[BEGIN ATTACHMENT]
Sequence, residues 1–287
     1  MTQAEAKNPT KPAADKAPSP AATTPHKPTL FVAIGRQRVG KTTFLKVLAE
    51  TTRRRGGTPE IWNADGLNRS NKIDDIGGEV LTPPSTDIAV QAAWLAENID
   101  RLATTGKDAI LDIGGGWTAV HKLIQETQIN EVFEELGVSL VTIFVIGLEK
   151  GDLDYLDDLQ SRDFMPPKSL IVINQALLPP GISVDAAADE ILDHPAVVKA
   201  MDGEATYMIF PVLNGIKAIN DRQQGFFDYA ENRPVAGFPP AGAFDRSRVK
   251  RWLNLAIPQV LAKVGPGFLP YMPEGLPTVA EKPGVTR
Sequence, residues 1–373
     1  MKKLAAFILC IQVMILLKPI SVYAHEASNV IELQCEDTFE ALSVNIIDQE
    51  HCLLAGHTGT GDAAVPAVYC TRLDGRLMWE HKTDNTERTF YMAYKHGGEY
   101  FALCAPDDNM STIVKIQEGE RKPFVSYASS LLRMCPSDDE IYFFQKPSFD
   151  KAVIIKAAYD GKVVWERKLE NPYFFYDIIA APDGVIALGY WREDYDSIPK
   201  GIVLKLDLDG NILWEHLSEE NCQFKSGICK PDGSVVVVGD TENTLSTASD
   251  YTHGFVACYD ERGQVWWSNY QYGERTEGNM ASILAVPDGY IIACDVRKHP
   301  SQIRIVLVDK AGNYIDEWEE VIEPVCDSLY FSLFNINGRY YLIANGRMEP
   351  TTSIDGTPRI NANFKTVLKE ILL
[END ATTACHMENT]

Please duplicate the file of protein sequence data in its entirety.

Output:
Sequence, residues 1–287
     1  MTQAEAKNPT KPAADKAPSP AATTPHKPTL FVAIGRQRVG KTTFLKVLAE
    51  TTRRRGGTPE IWNADGLNRS NKIDDIGGEV LTPPSTDIAV QAAWLAENID
   101  RLATTGKDAI LDIGGGWTAV HKLIQETQIN EVFEELGVSL VTIFVIGLEK
   151  GDLDYLDDLQ SRDFMPPKSL IVINQALLPP GISVDAAADE ILDHPAVVKA
   201  MDGEATYMIF PVLNGIKAIN DRQQGFFDYA ENRPVAGFPP AGAFDRSRVK
   251  RWLNLAIPQV LAKVGPGFLP YMPEGLPTVA EKPGVTR
Sequence, residues 1–373
     1  MKKLAAFILC IQVMILLKPI SVYAHEASNV IELQCEDTFE ALSVNIIDQE
    51  HCLLAGHTGT GDAAVPAVYC TRLDGRLMWE HKTDNTERTF YMAYKHGGEY
   101  FALCAPDDNM STIVKIQEGE RKPFVSYASS LLRMCPSDDE IYFFQKPSFD
   151  KAVIIKAAYD GKVVWERKLE NPYFFYDIIA APDGVIALGY WREDYDSIPK
   201  GIVLKLDLDG NILWEHLSEE NCQFKSGICK PDGSVVVVGD TENTLSTASD
   251  YTHGFVACYD ERGQVWWSNY QYGERTEGNM ASILAVPDGY IIACDVRKHP
   301  SQIRIVLVDK AGNYIDEWEE VIEPVCDSLY FSLFNINGRY YLIANGRMEP
   351  TTSIDGTPRI NANFKTVLKE ILL